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Opposition Wins Croatia Vote

The party that led Croatia to independence conceded defeat Tuesday in the first parliamentary elections since the death of President Franjo Tudjman.

An opposition coalition led by an ex-communist and a former dissident seemed poised to beat Tudjman's Croatian Democratic Union in a landslide, leading handily in nine of 11 districts with 84 percent of Monday's vote counted, Croatian state television reported.

Foreign Minister Mate Granic, expected to be the candidate in the upcoming presidential election for Tudjman's party, said the party "clearly has lost" the elections and the results were "far below our expectations."

"I congratulate the winners," Granic said. "We will be a tough opposition."

The coalition of Social Democrats and the Social Liberals seemed likely to take some 71 seats in Croatia's lower house, which will have about 150 seats. The Croatian Democratic Union should have 40 seats, and a loose coalition between four other parties appeared set to hold 24 seats, unofficial results showed.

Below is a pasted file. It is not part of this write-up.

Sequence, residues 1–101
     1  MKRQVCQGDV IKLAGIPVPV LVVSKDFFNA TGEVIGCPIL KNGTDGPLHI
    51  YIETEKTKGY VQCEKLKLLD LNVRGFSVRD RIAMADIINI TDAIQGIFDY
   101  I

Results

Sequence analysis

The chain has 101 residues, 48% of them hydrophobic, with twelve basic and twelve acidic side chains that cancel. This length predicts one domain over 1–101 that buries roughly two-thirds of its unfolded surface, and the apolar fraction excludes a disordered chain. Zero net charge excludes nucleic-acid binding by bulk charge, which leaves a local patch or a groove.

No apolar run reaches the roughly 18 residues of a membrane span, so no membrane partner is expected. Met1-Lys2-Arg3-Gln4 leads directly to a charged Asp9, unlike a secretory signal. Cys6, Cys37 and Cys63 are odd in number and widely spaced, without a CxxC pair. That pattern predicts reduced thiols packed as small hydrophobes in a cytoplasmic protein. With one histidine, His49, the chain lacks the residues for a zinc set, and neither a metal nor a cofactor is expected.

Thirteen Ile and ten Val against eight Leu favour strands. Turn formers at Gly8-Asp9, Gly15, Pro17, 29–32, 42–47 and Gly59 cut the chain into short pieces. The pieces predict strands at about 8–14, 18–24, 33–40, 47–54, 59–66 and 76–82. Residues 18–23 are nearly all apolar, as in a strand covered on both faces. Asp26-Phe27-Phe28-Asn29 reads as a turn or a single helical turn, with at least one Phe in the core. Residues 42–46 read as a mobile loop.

The total number of seats in the lower house depends on the turnout of Croat expatriates who have the right to vote abroad in 47 countries. Final official results are expected Friday.

At the headquarters of the opposition coalition, the mood was one of triumph. The two coalition leaders, Ivica Racan and Drazen Budisa, raised their arms as their supporters cheered.

Racan, leader of the Social Democrats and the coalition's choice for prime minister, said the results "are realistic," adding, "we were aware of the citizens' feelings."

"We'll do our best to justify their confidence," he said.

Budisa, a leader of the Social Liberals, is the coalition's presidential candidate in elections Jan. 24.

The coalition has promised to introduce democratic reforms and radical changes to erase corruption and mismanagement, and to cut government spending by halving the salaries of legislators and some senior officials.

The opposition also has pledged to shift power from the presidency to the parliament. Tudjman enjoyed almost monarchial powers during his party's tenure.

The turnout -- more than 76 percent of the nearly 4.2 million eligible voters -- was a near record, indicating an awareness that the first vote after Tudjman's death Dec. 10 would be critical in determining the direction of the country.

Tudjman led the nation to independence from Yugoslavia in 1991 only to later lose western support because of his authoritarianism and a nationalism that often translated into anti-Serb sentiment and even persecution.

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